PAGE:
Last Sunday, July 25th, marked the first observation of the Church’s annual Day for Grandparents and the Elderly. On January 31, 2021, Pope Francis made the announcement of this new event to be celebrated every year on the fourth Sunday in July. In the Vatican, Archbishop Rino Fisichella, celebrated Mass in St Peter’s Basilica, standing in for Pope Francis, who is still recovering from an operation for colon diverticulitis.
The Archbishop read the homily which was prepared by the pope in which Francis said, “Today we need a covenant between young and old. We need to share the treasure of life, to dream together, to overcome conflicts between generations and prepare a future together.” He went on to emphasize the importance of “protecting” our grandparents, as they protected us as we grew. “Let us protect them, so that nothing of their lives and dreams may be lost.”
The Catholic Grandparents Association
In a world where elderly people are increasingly becoming more side-lined, such a day provides us with a much-needed balance regarding how the older members of our society are perceived and valued.
Grandparents play a crucial role in many families and are often, especially here in Ireland, the first choice as caregivers for their own children’s daughters and sons. Ensuring that they are respected and appreciated is one of the aims of the Catholic Grandparents Association which was officially set up in 2009 by Catherine Wiley. Their main focus is to “help grandparents pass on the faith and to keep prayer the heart of family life”.
Catherine and her husband brought their children up in Walsingham, Norfolk a mile from the English National Shrine of Our Lady. They had witnessed many pilgrimages over the years coming to visit the Shrine; diocesan, parochial, religious congregations, young people, students, the sick and challenged, national groups, and many others. In Catherine’s mind a seed began to germinate; Why not have a Grandparents’ pilgrimage?
This she duly organized for 26 July 2003, the feast of St Joachim and St Anne who as the grandparents of Jesus, have long been honoured by both the Eastern Church as well as by the Catholic Church.
Pope Francis described the unique gifts of grandparents when he said, “The grandparents have the sap of history, that rises and gives strength for the tree to grow”. Implicit in these words is acceptance of the wisdom that comes with age. Grandparents have an integral role to play in passing on the faith to their grandchildren. They are involved now more than ever because usually, both parents are working.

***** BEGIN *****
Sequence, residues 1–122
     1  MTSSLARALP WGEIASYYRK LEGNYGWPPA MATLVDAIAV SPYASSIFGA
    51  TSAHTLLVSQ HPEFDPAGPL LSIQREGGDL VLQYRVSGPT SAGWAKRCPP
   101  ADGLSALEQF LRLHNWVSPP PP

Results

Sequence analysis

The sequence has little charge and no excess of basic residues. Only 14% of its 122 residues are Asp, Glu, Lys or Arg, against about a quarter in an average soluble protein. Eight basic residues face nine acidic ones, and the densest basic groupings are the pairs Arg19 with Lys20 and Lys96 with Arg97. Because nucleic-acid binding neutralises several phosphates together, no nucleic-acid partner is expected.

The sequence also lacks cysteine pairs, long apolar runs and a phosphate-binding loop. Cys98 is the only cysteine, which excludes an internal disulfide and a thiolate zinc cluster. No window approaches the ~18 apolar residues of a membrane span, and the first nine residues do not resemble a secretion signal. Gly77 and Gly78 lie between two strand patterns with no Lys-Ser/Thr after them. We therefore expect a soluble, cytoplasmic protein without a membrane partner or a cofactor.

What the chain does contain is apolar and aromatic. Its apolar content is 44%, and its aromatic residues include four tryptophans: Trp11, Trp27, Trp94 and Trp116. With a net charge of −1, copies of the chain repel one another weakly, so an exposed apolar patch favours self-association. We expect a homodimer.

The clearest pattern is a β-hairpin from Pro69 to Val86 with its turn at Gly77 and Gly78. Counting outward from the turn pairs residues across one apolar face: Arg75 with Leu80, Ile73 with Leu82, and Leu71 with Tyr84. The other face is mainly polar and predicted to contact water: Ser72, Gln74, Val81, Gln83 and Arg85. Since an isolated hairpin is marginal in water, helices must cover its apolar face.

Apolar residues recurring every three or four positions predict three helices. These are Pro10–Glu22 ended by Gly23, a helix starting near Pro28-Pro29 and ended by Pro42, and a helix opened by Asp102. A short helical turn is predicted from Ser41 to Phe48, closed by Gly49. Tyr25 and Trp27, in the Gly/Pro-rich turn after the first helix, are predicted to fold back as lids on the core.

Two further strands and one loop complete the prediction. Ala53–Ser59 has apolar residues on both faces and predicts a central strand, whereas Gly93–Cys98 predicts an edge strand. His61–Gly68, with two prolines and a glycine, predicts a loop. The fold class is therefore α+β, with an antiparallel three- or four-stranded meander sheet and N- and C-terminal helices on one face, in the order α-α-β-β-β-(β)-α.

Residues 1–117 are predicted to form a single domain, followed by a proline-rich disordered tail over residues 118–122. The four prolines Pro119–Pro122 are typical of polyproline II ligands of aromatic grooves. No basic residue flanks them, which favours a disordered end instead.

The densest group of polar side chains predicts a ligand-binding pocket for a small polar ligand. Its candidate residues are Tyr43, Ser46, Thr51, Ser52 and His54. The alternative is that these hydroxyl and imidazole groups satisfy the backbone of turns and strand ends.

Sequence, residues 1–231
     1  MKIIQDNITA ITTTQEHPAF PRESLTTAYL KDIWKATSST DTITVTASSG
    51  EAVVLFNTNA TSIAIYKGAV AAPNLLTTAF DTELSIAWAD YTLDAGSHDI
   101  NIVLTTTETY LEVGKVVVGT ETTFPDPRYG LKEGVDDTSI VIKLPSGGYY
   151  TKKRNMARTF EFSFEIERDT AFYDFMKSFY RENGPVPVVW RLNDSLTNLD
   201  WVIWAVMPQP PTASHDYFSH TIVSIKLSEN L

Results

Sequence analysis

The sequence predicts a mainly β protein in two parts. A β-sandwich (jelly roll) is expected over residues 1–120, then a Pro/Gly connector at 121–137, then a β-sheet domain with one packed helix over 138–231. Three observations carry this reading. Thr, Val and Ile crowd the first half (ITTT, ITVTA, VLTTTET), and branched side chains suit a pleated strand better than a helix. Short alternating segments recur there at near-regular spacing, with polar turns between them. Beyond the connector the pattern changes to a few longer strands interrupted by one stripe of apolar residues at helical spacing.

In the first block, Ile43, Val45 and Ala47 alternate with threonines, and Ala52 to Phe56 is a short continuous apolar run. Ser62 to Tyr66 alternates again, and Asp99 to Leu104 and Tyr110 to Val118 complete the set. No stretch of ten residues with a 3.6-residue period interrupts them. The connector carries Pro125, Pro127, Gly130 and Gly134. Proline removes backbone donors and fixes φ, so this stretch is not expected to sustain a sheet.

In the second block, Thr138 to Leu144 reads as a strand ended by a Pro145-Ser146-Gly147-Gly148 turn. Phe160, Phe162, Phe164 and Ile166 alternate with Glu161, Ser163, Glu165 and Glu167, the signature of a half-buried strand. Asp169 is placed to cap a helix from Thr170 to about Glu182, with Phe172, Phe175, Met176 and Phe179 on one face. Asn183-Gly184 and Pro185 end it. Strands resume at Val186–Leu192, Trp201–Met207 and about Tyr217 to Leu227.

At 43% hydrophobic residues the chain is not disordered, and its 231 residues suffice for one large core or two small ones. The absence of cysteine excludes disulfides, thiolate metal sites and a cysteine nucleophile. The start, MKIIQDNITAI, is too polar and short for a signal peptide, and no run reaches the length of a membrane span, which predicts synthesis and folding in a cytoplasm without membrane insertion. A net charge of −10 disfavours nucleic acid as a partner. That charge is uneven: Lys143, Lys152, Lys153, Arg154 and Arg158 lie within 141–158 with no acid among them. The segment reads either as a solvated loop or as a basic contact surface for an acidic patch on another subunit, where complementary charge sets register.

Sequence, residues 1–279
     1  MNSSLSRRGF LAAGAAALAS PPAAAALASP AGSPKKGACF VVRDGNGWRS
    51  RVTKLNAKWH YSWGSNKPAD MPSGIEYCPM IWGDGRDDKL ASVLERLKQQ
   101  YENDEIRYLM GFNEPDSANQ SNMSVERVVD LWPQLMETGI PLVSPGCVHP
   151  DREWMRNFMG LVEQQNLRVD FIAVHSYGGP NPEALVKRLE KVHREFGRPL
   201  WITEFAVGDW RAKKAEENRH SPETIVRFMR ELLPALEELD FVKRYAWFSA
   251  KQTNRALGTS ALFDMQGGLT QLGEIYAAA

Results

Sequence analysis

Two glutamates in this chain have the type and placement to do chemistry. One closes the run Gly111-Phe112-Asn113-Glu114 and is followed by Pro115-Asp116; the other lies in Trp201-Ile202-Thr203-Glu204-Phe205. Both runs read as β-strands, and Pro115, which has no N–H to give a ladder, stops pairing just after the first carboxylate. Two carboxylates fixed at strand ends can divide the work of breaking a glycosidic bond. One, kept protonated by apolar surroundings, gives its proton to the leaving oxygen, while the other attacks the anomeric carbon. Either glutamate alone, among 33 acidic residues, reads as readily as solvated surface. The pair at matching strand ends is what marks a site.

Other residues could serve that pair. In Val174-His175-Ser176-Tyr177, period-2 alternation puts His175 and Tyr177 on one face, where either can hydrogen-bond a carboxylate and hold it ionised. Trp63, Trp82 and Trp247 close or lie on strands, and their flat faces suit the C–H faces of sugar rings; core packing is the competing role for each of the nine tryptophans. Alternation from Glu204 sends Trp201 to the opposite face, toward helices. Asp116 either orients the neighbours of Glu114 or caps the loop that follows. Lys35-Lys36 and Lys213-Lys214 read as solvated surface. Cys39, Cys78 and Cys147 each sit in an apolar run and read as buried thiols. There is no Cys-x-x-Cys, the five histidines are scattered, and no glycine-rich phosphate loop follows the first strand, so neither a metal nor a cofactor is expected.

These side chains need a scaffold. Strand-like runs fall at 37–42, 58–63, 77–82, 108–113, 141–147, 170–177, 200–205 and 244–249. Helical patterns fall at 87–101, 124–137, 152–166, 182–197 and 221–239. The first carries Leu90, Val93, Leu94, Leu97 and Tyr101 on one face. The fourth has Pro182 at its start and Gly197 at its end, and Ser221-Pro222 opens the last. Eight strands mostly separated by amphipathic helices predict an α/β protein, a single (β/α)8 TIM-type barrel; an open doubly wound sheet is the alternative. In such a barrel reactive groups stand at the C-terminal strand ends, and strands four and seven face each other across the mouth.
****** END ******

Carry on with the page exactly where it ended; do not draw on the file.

In the pre-Covid days, I would often see grandparents bringing the younger folk to daily Mass and in many cases, they would be taking care of them for the day. Sadly, many ‘younger’ people who are parents do not practise their faith any longer, so it is the grandparents who are ‘the faith-healers.
Several regard this as a huge responsibility. Saddened by their own children’s rejection of religious observance they are acutely aware that, in the words of the famous hymn, the ‘faith of our fathers’ is in danger again. It is ironic that that faith which people were once prepared to die for is now often reviled as superstitious nonsense, or fodder for the feeble-minded. This causes a lot of pain to those who still believe and hold it precious.
How to Pass the Baton
When we get older our perspective on life changes and issues pertaining to the meaning of it all become more urgent. The elderly who cherish their religious beliefs know that their loved ones will also someday face these issues and their dearest wish is that they will share in the same comfort which belief in the risen Christ brings.
Therefore, passing on the baton of faith becomes a labour of love.
Grandparents hold a special place in their grandchildren’s lives. Just as the father is important because he proves to the baby that there is someone ’other’ than the mother, so their grandparents introduce children to the possibility of a relationship with people who love them and have their best interests at heart. This can be very enriching for everyone concerned.
But how should grandparents navigate the tension between the desire to evangelize and the responsibility to respect boundaries? The one thing they must never do is criticize the parents in front of their grandchildren and also avoid confrontation with their own children about their parenting.
The best way is, as always, by example. Obviously by bringing them to Church, explaining the Stations of the Cross, the shrines, the candles. Tell them about the life of someone like St Martin. Read bible stories simplified for children and talk to them about the beauty of Nature and the creatures God created, who were in Eden with Him before He created Humankind.
Above all pray with them encouraging them to ask for graces and blessings for those they love, and for those they do not. Say the Rosary with them. Have statues in your home as visual reminders to your grandchildren that you are persons of faith.
“Grandparents are a treasure…the wisdom our grandparents have is something we must welcome as an inheritance.” – Pope Francis
Written by Marie – Therese Cryan